1. > This is pretty embedded in the late-3.x paradigm of "small number of difficult encounters every day, then rest and everything bad goes away"

That makes a lot of sense. I could still see it being an issue during wilderness adventuring in OSR games, since wilderness encounters tend to be big and dangerous. I was thinking that slowing the recovery model might help, but thinking of a wilderness adventure as a series of (difficult) encounters with limited recovery between them, I am not so sure. Perhaps restocking of monsters between retreats to civilization is the key here, much as it is in the OSR dungeon.

2. Just to stir the pot here a bit, a different approach could work here as well; shift from 1d3 hp regain per rest to disadvantaged d6 and have magic cast from hp. Take your Fibonacci advancement system and generalize it to cover things outside of magic so you have a ‘push yourself/gamble my safety’ system attached to up actions.

Unrelated, I’ve been subscribed to you for a while, keep up the good work

1. Hmm, interesting, but I think there might be some cascading consequences (things like making sure there are no healing spells that restore more HP than they cost to cast, to prevent infinite casting loops), and I should probably make only the minimal changes necessary to make wilderness adventuring work well. Even if I don't end up pursuing that rules proposal, your comment has provided me with insight on the scope of my project ("defining what a project isn't is just as important as defining what it is"), and for that (and the subscription and compliment) I thank you! Also I enjoyed your post on Pullman's work; I hadn't considered the episodic/transient nature of aspects of folktales.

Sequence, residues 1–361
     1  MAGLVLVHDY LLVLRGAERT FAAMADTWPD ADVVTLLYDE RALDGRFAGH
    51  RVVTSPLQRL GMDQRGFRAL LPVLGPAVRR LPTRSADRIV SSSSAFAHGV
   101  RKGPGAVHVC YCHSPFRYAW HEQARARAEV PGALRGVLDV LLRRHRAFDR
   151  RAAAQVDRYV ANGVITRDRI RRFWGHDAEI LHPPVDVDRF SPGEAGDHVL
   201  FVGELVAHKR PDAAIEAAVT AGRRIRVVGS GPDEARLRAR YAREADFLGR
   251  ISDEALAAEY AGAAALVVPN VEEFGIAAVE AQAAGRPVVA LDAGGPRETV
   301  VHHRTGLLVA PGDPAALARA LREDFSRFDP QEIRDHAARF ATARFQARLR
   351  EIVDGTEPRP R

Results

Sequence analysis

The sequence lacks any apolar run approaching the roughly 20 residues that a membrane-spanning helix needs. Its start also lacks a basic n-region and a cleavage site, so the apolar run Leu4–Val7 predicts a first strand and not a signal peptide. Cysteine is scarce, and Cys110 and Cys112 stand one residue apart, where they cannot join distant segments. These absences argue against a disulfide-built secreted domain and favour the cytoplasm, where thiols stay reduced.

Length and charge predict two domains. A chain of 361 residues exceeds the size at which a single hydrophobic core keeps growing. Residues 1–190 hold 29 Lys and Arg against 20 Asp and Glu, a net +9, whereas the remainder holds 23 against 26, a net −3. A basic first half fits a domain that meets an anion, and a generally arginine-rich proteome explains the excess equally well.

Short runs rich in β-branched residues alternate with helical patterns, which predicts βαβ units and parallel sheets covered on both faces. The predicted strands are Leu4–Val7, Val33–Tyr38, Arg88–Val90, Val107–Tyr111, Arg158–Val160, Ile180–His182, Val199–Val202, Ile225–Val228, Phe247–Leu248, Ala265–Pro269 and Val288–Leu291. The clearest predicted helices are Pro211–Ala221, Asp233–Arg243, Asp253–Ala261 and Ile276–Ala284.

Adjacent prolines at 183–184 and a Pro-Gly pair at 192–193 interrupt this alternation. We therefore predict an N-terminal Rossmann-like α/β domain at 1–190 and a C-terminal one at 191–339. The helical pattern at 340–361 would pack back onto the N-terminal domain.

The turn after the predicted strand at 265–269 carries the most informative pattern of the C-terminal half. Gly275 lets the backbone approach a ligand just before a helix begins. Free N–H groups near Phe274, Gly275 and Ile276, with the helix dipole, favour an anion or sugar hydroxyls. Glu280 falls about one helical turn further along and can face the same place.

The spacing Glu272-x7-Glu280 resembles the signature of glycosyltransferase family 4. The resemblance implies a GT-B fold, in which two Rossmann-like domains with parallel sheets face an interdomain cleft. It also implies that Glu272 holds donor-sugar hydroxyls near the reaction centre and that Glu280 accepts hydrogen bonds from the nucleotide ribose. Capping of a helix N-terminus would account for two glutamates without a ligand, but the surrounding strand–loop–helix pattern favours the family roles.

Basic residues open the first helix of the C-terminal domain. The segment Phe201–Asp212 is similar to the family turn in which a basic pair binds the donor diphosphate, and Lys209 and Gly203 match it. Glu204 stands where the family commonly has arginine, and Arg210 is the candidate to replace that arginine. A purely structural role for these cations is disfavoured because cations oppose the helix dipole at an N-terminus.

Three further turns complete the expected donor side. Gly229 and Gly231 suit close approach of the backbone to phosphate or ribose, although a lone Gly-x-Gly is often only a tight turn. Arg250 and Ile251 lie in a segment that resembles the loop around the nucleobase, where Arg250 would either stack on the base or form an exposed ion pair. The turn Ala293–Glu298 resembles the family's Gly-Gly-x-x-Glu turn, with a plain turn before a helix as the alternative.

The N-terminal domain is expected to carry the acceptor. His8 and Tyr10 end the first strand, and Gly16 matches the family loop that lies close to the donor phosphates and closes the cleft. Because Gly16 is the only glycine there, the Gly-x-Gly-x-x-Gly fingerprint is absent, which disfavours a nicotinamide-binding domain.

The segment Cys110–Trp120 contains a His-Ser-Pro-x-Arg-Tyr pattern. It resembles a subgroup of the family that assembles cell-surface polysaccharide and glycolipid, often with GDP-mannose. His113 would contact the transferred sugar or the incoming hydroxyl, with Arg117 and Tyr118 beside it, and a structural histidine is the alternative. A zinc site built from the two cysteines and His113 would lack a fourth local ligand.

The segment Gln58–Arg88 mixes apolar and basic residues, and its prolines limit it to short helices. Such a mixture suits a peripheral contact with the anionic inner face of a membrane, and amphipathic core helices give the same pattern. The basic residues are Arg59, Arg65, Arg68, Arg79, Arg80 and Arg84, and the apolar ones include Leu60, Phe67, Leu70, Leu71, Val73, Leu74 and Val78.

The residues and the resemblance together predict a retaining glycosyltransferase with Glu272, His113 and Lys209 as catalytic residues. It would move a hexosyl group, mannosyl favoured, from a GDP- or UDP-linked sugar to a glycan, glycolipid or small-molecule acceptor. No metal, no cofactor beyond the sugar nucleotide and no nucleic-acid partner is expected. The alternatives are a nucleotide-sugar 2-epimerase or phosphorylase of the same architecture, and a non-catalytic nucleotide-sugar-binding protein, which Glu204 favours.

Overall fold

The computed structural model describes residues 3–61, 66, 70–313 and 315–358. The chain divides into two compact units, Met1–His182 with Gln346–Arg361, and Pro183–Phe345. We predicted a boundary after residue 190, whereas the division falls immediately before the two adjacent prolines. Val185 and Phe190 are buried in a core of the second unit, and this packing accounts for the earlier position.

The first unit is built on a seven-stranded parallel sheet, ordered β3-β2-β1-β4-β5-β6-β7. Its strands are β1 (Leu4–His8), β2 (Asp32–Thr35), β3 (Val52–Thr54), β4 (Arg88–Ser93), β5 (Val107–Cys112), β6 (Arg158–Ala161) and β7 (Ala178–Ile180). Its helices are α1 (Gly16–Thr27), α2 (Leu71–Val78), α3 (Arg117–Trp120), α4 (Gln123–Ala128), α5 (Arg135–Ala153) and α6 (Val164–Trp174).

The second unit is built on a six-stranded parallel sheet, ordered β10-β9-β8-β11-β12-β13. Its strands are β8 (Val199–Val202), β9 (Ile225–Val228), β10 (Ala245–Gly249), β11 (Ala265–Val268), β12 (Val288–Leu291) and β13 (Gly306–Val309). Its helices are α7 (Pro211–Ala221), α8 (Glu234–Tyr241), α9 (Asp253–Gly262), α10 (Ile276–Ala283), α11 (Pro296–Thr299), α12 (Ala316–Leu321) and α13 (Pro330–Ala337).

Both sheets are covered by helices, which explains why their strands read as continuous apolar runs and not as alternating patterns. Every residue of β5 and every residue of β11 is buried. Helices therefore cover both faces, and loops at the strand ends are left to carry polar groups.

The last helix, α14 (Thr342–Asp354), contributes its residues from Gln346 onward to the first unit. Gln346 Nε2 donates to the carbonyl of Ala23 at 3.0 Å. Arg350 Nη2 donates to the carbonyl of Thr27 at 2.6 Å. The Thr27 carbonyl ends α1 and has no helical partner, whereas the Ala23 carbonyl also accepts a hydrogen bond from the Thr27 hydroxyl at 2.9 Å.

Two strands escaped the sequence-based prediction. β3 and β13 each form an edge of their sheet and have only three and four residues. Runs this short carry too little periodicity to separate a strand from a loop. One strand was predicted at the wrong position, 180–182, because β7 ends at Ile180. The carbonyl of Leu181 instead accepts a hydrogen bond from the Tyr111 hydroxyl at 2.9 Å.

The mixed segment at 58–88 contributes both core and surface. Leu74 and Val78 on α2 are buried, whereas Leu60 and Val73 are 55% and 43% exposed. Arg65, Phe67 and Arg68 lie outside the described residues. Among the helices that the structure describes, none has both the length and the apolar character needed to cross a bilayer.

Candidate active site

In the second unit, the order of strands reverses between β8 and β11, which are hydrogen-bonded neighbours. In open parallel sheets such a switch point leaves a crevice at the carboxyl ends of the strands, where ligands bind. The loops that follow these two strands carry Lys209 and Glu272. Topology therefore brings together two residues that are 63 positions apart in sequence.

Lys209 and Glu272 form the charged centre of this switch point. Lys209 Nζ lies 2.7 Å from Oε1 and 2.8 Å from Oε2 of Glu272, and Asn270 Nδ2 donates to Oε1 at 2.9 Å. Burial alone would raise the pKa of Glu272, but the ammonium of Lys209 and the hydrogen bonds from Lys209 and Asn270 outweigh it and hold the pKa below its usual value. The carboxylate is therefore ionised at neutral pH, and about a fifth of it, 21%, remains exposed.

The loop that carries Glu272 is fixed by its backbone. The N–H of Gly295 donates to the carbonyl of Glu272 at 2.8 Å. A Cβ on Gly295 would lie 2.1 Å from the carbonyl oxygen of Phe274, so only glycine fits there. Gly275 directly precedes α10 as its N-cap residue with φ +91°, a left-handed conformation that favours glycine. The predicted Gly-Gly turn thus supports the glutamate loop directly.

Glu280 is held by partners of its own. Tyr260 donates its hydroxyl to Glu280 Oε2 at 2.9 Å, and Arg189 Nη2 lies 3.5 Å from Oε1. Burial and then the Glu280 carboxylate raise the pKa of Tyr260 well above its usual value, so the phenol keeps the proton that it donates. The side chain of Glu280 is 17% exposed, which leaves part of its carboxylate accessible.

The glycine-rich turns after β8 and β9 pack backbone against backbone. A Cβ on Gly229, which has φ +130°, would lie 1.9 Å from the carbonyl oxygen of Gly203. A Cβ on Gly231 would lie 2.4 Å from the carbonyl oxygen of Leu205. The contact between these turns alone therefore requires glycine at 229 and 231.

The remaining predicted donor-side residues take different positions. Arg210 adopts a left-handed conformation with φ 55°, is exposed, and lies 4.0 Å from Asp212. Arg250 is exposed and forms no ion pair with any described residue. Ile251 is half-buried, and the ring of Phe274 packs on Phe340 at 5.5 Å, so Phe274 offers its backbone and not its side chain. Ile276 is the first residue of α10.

3. As far as I can recall in my times using them, the major "pitfall", if it can be called that, is just the sheer flexibility - exactly what you reference with a fireball not being worth 5 castings of sleep.

I had a 3E wizard back-in-the-day using spell points, and it was a bit terrifying. And that gets back to the style of the game, really - I'd be much more worried about running a spell-point caster in 5E, let's say, vs any given OSR variant, as the expectations of encounter depth/frequency can vary (and I guess I'd be mostly looking mostly at published modules here).

Tying together time to deal damage vs heal damage is interesting, though.

There are a few OSR variants that use spell points that I believe tie speed of spell point recovery (for regular rest) to location - I want to say NGR has it recover faster in the wilderness (something about Law vs Chaos). That being said, I've always wanted wizards/etc. to be more powerful and dangerous when in their sanctums/etc., and what you propose would be a step in the right direction.

1. Yeah, I agree that spell points are probably more dangerous in more modern games, given that expectations are better-defined.

I was tempted to have spell points be more available in the wilderness on that Law and Chaos basis, yeah, but I think that would throw the resource model for wilderness adventuring all out of whack. I could see making extra spell points available in the wilderness in exchange for corruption ('tapping wild magic inimical to man') or other hazards; that could be pretty interesting.